- Set default values for both, PG and Dev.to in one values.yaml file
- Run rails
db:setupas init container on install, and on upgrade, it will become rails
db:migrate. Would be nicer if I could run only migrate
- For config, create a config map and secret. Both will be available as env variables in the container
- For DB access you simply use config map/secret from PG chart
- Worker jobs will be running in a separate container, but the same pod
And after some trial and error here is Dev.to helm chart. Most of the issues I had during the development of this chart was because I don't have much experience with Ruby apps and especially about running Dev.to. Also, I found it very difficult to run the app in production mode because of too many dependencies on external services. So I gave up on that after I saw 30+ API keys missing. Definitely, the app is not developed with Kubernetes or containers in mind and some changes might be required to make it a first-class citizen.
I will not go into the details of this helm chart, it would be too much for a single post, but here are some tips when developing a new chart.
When writing the new helm chart I often reuse some existing that I wrote before. Who would say? Then I just adjust what is needed for the new app. You could also run
helm create <chart_name> and helm would prepare some templates, to begin with. During testing, I often use
helm template command which populates templates without using Tiller (the server component of helm which is running in Kubernetes cluster). Also, you could use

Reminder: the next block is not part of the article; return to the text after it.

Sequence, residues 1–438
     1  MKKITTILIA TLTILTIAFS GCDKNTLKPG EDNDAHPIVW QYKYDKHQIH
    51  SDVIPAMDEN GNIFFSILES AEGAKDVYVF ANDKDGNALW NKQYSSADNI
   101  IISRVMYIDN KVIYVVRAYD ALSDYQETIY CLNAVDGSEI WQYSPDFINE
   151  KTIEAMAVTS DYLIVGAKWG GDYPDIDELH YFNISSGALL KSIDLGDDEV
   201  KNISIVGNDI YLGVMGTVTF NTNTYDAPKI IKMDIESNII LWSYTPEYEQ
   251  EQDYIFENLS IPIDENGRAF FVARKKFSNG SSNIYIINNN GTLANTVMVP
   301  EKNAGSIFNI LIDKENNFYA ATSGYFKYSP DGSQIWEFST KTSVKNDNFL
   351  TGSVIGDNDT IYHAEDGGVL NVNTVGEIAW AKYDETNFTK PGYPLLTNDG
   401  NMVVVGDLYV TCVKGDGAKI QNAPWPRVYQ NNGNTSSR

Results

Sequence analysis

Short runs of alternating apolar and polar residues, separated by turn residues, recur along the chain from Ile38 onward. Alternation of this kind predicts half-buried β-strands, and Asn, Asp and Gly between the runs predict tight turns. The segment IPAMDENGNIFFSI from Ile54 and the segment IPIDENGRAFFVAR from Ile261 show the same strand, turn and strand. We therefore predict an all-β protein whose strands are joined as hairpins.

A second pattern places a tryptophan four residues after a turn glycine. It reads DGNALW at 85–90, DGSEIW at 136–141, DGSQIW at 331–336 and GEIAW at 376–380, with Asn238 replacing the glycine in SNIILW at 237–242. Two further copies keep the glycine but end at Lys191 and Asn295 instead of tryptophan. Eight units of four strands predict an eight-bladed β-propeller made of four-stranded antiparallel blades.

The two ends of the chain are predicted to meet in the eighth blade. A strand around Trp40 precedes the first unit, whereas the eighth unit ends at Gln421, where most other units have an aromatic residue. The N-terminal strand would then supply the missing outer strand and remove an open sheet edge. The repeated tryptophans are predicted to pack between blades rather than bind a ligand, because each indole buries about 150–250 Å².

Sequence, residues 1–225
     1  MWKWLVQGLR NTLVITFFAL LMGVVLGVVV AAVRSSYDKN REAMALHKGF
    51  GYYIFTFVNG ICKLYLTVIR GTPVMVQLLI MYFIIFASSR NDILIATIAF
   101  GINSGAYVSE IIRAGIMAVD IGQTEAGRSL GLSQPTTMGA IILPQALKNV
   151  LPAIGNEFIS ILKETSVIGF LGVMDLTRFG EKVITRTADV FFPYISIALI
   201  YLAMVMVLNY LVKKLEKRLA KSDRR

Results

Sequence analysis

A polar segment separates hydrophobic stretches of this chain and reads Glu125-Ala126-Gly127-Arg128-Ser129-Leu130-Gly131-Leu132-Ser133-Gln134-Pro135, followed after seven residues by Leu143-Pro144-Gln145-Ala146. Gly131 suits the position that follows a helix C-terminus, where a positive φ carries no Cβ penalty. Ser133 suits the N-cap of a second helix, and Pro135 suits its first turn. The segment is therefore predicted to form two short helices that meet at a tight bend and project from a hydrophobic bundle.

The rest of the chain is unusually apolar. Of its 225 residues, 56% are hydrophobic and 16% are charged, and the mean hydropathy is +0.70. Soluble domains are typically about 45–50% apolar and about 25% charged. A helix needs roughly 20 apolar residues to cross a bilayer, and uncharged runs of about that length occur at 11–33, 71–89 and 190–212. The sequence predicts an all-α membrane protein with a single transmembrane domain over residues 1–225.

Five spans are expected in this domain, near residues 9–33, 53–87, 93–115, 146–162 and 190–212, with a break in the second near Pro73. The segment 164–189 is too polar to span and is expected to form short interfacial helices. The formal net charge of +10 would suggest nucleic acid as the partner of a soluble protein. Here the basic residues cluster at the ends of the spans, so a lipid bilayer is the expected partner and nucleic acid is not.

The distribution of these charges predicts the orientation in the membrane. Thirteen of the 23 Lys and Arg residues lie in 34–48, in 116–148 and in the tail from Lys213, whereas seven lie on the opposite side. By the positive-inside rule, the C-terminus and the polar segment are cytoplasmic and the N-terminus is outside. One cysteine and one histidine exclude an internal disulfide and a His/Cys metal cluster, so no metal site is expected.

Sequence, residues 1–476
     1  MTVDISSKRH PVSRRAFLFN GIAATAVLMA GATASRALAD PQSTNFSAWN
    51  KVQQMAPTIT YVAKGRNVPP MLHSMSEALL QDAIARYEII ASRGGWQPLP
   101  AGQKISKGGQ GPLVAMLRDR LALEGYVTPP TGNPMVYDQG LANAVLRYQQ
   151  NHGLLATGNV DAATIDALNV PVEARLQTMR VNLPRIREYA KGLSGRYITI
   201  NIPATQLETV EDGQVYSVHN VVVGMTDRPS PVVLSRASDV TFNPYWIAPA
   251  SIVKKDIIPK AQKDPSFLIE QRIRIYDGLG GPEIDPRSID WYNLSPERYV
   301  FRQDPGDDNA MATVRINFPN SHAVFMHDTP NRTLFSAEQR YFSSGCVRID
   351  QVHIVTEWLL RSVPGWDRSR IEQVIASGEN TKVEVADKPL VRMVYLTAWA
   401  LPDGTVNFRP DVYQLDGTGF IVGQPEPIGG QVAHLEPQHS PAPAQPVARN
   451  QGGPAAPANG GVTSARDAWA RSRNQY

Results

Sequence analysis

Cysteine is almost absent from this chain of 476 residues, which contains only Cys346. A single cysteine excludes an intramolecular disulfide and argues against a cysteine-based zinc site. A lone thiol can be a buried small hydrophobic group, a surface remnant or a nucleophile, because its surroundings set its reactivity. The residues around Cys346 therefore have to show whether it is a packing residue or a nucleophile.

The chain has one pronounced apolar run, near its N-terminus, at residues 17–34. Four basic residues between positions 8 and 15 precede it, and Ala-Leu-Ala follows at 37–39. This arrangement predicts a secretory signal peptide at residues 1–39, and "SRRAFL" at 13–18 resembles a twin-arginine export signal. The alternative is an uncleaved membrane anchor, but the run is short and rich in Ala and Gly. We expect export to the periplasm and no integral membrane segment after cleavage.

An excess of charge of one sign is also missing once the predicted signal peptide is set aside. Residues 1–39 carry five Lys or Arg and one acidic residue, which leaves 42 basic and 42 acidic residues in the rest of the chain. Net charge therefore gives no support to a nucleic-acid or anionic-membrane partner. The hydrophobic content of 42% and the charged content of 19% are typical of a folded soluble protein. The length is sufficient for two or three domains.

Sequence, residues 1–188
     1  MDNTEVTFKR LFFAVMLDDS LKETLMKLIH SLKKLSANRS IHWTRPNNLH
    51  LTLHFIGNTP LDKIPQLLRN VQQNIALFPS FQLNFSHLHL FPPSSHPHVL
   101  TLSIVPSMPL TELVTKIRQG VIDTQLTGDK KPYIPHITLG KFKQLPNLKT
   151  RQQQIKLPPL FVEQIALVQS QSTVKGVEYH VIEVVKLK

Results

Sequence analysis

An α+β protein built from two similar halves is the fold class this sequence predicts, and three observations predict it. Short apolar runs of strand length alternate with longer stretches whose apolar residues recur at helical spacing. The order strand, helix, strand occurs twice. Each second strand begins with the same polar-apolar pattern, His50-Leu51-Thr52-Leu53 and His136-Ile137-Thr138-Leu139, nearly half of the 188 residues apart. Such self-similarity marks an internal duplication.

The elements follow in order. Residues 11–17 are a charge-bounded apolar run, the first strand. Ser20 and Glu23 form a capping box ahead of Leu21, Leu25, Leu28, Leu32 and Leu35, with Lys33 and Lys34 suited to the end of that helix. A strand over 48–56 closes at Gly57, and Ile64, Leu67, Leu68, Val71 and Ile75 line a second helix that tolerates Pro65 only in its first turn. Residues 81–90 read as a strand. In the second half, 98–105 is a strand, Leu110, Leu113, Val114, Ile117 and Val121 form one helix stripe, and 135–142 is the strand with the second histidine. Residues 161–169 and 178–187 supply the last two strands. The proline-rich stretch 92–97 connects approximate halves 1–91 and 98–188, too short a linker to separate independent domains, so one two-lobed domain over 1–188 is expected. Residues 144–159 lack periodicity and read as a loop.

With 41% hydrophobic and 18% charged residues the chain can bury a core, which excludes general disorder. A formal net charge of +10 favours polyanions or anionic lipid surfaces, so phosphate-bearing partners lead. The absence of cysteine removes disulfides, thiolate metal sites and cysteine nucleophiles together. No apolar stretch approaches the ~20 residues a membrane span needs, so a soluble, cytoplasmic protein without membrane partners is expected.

--dry-run --debug options to see populated files with
First, prepare your values file to match with your environment. You only need Algolia Search API access for the development environment and you can find instructions for setting up a new account here.
Now, you can install the chart:
$ cat > myvalues.yaml <<EOF secret: ALGOLIASEARCH_API_KEY: <YOUR_API_KEY> ALGOLIASEARCH_APPLICATION_ID: <YOUR_APPLICATION_ID> ALGOLIASEARCH_SEARCH_ONLY_KEY: <YOUR_SEARCH_ONLY_KEY> ingress: enabled: true annotations: kubernetes.io/ingress.class: nginx kubernetes.io/tls-acme: "true" hosts: - devto.test.akomljen.com tls: - secretName: devto hosts: - devto.test.akomljen.com EOF $ helm repo add akomljen-charts https://raw.githubusercontent.com/komljen/helm-charts/master/charts/ $ helm install --name dev \ -f myvalues.yaml \ akomljen-charts/devto $ kubectl get po NAME READY STATUS RESTARTS AGE dev-devto-d7f847969-dbtkq 2/2 Running 0 3m dev-postgresql-0 1/1 Running 0 3m
My Kubernetes cluster has a Nginx ingress running with automatic SSL, so after installation, I was able to access the app immediately. It is slow when accessing the app for the first time because in development mode it runs webpack compile.
Also, I see that app fails to load profile pictures, but I didn't have time to dig further into it. Maybe you know the answer. Either way, you saw how I run the not so ready for containers app in Kubernetes.
The time that I spent to write this post and prepare everything was around 6h. I would say not too much considering that Dev.to is pretty new to me. And also most of the time was some polishing and proofreading this post. Hope it will help you to understand the process of running open source apps on Kubernetes better. Stay tuned for the next one!
The software industry moves fast. But if you keep up, you can have an incredible career.